Craig Spinks’ doctor recommended he get vaccinated against COVID-19.
But the retired special-education teacher in Evans hasn’t gotten vaccinated and doesn’t intend to.
“I am a widower living alone,” Spinks said. “Can’t afford any vaccine reaction.”
Jerry Parsons of Augusta is a long-haul trucker. He wears a mask in his brief interactions with people while on the road, and back home will wear one if asked.
The rest of his family is vaccinated against COVID, but he isn’t.
“I am on several medications for chronic medical issues,” Parsons said. “Both my primary-care provider and rheumatologist said they didn’t think enough research has been done testing interactions with other drugs.”
Both men are among the estimated two-thirds of residents in Richmond and Columbia counties who still aren’t fully vaccinated against the lethal virus, according to the Georgia Department of Public Health.
Why aren’t more Augusta residents vaccinated?
Why aren’t more people getting vaccinated against a virus blamed for more than 600,000 deaths nationwide?
“Unfortunately, my answer today is going to be the same that it was in January,” said Dr. Joshua Wyche, assistant vice president of strategic planning and pharmacy services for Augusta University Health. “The one caveat is that people are more entrenched today in their decisions on the vaccine, on whether to get it or not to get it, than they were in January.”
A March poll from the Kaiser Family Foundation found that 20% of respondents nationwide said they either would “definitely not” get the vaccine or would get it “only if required.”
From Wyche’s conversations with friends and acquaintances to the findings of national polls, he said the reasons people give for intentionally forgoing the vaccine fall into six categories:
- The reported side effects are off-putting.
- The vaccines were developed too quickly.
- A significant percentage of people ages 20 to 50 think they are not at risk of infection.
- The long-term effects of the vaccine are not fully known.
- The vaccine reduces a recipient’s fertility.
- The vaccine is not yet fully approved by the Food and Drug Administration.
Each reason is shrouded in myth or misunderstanding, Wyche said – rapid vaccine development, for example.
“I think it’s a great case study that people in M.B.A. programs and M.H.A. programs will be studying for decades,” he said. “When you remove bureaucracy and you add unlimited financial investment and a true will to solve a problem, American ingenuity cannot be stopped. When you have those three things is why we were able to vaccinate so quickly and get it to public consumption.”
Wyche said the worry of long-term side effects is countered by the fact that tens of millions of Americans already have been vaccinated which has produced reliable data supporting safety.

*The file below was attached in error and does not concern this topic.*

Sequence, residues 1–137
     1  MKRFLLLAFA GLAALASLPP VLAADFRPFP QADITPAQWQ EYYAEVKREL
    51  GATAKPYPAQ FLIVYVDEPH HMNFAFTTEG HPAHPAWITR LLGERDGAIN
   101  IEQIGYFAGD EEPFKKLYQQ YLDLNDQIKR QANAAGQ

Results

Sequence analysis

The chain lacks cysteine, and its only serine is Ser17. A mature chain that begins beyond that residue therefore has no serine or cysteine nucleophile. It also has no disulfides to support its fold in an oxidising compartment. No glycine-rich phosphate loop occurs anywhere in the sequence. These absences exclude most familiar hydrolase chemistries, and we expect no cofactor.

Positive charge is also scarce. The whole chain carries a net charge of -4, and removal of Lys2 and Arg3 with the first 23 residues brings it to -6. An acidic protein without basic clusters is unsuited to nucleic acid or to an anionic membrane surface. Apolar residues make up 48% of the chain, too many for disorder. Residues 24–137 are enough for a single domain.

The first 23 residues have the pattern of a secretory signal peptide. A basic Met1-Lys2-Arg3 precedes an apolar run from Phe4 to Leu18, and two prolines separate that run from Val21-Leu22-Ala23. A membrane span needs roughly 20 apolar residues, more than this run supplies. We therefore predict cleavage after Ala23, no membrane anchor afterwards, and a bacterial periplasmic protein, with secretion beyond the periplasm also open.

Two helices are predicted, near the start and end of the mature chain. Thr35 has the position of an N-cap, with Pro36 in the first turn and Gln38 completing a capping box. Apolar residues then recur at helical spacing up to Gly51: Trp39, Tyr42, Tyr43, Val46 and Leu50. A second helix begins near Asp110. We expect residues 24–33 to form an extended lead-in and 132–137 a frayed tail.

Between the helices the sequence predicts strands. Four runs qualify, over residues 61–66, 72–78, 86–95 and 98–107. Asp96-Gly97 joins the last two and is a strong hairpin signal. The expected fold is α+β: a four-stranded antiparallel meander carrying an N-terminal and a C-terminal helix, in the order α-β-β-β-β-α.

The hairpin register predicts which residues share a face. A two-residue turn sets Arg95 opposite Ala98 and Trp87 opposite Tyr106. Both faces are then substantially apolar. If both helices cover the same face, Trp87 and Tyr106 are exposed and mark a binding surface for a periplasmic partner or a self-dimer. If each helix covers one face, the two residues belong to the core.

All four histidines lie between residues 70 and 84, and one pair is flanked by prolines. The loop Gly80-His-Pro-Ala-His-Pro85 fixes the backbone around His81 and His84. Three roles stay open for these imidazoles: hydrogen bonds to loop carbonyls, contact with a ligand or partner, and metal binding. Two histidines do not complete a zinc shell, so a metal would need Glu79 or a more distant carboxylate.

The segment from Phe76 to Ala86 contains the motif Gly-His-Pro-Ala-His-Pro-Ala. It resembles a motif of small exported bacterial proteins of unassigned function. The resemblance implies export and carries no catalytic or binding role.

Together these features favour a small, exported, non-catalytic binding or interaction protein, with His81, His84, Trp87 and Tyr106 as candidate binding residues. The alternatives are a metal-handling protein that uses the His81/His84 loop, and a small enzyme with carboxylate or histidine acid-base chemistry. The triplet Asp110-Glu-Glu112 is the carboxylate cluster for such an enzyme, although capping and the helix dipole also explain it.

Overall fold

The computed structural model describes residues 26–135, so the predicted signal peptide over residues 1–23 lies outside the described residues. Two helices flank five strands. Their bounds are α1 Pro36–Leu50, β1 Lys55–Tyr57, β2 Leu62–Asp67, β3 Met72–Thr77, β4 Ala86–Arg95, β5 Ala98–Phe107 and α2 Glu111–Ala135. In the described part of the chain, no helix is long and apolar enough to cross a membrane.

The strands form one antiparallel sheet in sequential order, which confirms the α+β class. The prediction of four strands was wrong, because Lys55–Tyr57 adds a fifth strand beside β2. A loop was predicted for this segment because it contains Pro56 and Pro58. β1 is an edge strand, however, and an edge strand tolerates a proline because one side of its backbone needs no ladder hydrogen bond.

The vaccine’s claimed effect on fertility, he said, is a canard stemming from a mistaken belief that, since the COVID virus is accompanied by a “spike protein,” the vaccine will produce antibodies to attack other spike proteins, including a protein found in mammals’ placenta.
Whoever started that rumor, Wyche said, “has created irreparable harm to that group of people who now believe that as dogma, regardless of what the science or what experts have stated.”
The vaccine’s current lack of FDA approval, he said, will be rectified by proper procedure and the passage of time. A vaccine’s move from approved emergency use to full approval deals largely with drug inspection during manufacturing.
“A normal process for it to reach full approval under the accelerated pathway is generally between six and 10 months,” Wyche said. “The data from Pfizer has been submitted only in the past month or so to the FDA for full FDA approval. So when we do our timeline out, I think the direction that others have spoken about is that there will be a full FDA approval by at the least January of 2022 and hopefully closer to the fall of ‘21.”
Some express concern about vaccine side effects
The most frequently offered reason is avoiding a comparatively brief inconvenience at the risk of acquiring a more serious problem.
“If you talk to the millions of people who have been impacted by COVID-19, we’re seeing countless anecdotal stories about people who wish they would’ve gone through the potential known side effects – the sore arm, the fever, the aches, the headache and chills – that last for one or maybe two days, vs. a hospital stay or a death,” he said.
Health officials have identified a “long” COVID that affects up to 30% of people who test positive, regardless of severity, who don’t exhibit symptoms for months, Wyche said.